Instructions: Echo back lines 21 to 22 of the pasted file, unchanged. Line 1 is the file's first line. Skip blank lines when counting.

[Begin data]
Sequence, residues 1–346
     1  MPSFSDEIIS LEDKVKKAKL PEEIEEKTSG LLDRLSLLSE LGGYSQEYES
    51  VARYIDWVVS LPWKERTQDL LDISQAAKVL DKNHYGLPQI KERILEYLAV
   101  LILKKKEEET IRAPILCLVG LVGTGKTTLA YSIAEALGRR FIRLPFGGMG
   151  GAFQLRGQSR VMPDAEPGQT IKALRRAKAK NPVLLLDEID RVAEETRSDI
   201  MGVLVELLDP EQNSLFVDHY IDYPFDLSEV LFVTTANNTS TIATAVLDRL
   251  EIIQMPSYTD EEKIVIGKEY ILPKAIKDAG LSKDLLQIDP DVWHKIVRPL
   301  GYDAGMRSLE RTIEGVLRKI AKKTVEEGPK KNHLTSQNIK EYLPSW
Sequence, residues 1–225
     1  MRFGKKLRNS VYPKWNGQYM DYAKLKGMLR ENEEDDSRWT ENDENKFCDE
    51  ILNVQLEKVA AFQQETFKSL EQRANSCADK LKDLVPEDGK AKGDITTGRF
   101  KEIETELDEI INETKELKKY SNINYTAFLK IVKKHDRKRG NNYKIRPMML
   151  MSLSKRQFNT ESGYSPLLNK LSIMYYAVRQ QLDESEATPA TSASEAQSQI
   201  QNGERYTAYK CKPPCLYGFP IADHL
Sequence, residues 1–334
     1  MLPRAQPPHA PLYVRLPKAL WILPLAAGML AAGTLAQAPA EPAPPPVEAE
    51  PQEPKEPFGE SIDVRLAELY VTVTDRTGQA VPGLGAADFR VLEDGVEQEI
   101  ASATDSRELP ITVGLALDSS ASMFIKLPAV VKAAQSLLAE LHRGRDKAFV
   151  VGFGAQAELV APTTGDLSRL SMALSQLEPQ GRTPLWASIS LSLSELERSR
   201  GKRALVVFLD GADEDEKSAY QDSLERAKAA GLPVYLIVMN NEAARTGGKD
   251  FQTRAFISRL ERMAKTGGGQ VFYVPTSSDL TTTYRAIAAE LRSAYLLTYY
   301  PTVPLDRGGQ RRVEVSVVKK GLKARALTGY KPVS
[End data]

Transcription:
   251  FQTRAFISRL ERMAKTGGGQ VFYVPTSSDL TTTYRAIAAE LRSAYLLTYY
   301  PTVPLDRGGQ RRVEVSVVKK GLKARALTGY KPVS